Protecting Western Australia’s rich biodiversity while enabling economic development will be easier in the future thanks to a new scientific collaboration and co-ordination efforts actively supported by the Botanic Gardens and Parks Authority.

Botanic Gardens and Parks Authority seed collector on a conservation mission.

The Western Australian Biodiversity Science Institute (WABSI) is a partnership between industry, research bodies and government agencies including the BGPA.

WABSI Chief Executive Officer Peter Zurzolo said WABSI would improve access to good information, lifting the level of public debate and discussion about biodiversity conservation.

'One of the most exciting things about WABSI is that it has been created with broad consultation across all interested parties and its formation has been welcomed by all', Mr Zurzolo said.

'The Australian continent is one of the most biologically diverse areas on Earth, and WA hosts the majority, and some of the most important, of these biodiversity assets. WA is home to eight of Australia’s 15 declared biodiversity hotspots, including the South West which is an internationally recognised biodiversity hotspot.'

'There are vast numbers of species in WA, with more being discovered and formally named all the time. For example, there are about 13,000 species of native plants in the State, plus more than 500 reptile and 1600 fish species. There are hundreds of thousands of invertebrate species.'

'Of the 141 species of mammal found in WA, 25 are found nowhere else, while around 60 per cent of our plant species are unique to WA', he said.

'Protecting this natural wealth while enabling the state’s vibrant mining and agricultural sectors to flourish is a challenge. Yet all major stakeholders – researchers, industry, conservationists and government – agree that better access to good information is the key to more constructive debate and better decision making.'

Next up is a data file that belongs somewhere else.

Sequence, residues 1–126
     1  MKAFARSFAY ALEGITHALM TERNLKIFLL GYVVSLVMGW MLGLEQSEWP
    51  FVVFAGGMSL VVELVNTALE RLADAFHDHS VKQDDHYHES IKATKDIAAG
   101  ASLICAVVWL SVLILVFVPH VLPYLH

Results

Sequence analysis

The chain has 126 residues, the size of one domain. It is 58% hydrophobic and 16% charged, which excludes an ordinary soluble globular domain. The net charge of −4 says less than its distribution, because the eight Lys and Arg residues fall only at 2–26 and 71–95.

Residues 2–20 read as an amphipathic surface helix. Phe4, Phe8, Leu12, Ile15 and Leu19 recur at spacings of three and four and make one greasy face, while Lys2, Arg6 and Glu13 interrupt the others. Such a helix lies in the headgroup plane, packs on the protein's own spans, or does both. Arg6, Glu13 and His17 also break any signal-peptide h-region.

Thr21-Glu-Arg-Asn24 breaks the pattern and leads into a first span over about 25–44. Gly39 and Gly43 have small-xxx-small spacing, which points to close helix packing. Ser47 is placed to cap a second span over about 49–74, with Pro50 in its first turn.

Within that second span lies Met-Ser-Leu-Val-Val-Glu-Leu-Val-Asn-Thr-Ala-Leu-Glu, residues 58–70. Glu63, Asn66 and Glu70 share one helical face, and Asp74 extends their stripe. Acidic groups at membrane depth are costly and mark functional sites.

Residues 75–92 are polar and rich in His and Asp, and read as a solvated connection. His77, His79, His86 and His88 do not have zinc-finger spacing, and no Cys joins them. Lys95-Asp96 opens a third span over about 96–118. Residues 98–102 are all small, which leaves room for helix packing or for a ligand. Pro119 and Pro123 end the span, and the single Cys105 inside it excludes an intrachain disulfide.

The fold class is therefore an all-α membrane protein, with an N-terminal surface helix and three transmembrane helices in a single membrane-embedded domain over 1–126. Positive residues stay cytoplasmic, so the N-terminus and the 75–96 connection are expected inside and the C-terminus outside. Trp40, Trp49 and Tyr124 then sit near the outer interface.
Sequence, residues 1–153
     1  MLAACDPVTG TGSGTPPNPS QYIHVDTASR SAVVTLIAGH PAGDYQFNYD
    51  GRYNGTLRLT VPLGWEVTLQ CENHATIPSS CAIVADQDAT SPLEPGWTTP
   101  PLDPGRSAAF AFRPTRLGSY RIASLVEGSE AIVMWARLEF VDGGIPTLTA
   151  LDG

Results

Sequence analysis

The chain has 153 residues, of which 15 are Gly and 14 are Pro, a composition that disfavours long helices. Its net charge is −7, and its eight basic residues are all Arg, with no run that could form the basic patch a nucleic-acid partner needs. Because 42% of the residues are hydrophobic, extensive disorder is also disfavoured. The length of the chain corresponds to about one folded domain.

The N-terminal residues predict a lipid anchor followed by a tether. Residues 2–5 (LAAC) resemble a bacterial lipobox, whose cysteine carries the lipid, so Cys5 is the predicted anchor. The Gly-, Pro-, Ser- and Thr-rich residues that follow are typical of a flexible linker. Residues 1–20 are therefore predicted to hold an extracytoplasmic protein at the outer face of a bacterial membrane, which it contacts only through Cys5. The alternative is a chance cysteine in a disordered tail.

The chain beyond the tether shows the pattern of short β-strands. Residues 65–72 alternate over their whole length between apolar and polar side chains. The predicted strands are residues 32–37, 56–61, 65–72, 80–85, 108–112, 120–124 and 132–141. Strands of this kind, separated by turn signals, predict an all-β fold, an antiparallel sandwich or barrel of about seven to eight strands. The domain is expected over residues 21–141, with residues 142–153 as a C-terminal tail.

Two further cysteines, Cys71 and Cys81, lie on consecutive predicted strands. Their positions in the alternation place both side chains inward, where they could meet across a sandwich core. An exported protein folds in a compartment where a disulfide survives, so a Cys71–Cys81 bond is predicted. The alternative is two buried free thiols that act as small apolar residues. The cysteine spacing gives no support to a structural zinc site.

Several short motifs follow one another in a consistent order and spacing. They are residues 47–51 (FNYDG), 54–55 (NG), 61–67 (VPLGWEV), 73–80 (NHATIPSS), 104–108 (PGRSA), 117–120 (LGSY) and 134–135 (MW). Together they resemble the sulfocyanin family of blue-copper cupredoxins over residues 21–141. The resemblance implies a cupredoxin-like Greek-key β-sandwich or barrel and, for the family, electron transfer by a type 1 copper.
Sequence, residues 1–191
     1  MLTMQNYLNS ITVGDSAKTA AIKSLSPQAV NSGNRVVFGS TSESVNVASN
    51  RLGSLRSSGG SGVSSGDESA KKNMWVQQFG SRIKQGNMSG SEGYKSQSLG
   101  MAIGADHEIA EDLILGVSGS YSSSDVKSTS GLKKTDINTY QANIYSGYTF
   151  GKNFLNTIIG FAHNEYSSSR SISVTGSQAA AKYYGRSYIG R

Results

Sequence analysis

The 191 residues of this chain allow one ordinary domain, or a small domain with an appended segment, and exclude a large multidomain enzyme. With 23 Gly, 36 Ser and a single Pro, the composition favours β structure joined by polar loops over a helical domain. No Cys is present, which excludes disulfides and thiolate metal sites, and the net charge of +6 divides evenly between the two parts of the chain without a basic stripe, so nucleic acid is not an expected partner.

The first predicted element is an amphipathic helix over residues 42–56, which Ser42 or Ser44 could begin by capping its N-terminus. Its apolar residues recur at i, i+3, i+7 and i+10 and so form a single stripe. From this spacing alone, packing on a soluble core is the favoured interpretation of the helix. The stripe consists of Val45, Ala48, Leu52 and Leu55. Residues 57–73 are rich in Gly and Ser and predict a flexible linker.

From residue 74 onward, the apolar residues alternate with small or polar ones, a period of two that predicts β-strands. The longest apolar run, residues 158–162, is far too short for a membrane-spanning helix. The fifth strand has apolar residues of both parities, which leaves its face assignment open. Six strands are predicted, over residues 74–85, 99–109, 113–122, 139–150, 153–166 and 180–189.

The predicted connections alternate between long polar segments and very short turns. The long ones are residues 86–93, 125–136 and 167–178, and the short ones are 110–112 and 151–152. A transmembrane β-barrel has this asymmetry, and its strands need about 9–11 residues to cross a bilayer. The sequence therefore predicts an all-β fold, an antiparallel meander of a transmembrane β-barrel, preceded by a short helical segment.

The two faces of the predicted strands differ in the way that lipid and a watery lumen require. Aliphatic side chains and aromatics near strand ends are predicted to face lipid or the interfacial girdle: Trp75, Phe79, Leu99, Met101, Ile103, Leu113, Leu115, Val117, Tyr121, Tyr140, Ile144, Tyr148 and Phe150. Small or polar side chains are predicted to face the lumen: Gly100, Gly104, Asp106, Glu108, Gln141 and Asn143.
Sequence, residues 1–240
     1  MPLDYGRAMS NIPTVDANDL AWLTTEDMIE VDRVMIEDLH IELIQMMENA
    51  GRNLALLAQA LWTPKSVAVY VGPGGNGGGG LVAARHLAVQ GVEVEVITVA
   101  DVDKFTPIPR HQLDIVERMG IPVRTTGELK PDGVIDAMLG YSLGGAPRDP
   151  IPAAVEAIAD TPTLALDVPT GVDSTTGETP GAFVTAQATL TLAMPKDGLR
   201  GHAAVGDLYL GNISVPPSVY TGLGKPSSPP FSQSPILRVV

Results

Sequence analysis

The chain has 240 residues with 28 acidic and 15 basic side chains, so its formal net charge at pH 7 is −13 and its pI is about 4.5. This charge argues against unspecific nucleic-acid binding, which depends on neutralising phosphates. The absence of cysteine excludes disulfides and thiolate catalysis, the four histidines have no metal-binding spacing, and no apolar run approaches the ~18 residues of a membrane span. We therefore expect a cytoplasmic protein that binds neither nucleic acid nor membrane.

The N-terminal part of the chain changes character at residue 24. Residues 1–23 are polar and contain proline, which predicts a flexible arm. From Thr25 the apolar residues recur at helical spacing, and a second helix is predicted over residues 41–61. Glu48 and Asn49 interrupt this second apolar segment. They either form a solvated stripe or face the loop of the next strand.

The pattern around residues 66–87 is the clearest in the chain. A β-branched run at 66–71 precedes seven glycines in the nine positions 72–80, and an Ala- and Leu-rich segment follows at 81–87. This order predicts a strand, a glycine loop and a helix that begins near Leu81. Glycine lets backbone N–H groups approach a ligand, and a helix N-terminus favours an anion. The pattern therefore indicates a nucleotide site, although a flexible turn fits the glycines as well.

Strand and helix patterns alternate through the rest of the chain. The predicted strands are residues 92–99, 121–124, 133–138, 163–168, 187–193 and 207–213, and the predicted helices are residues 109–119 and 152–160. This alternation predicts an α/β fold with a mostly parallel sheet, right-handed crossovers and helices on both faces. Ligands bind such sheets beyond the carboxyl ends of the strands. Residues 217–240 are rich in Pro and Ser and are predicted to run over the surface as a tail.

'WABSI will provide the knowledge base required to deliver more targeted and timely advice to help manage WA’s terrestrial biodiversity.'

'Development and biodiversity can co-exist, but only with robust scientific information that can be used by decision makers to avoid and minimise impacts and, where necessary, develop complementary management strategies.'

WABSI has been established as an independent entity, overseen by a representative board and administered by a small executive team. The State Government, through the Department of Premier and Cabinet is providing start-up funds for the institute. Its initial funding continues until 2020. Foundation partners in the collaborative venture are the Botanic Gardens and Parks Authority, CSIRO, The University of Western Australia, Curtin University, Murdoch University, Department of Parks and Wildlife, Environmental Protection Authority, Department of Mines and Petroleum, and the WA Museum.

Visit the Kings Park Science section to learn more about biodiversity research.

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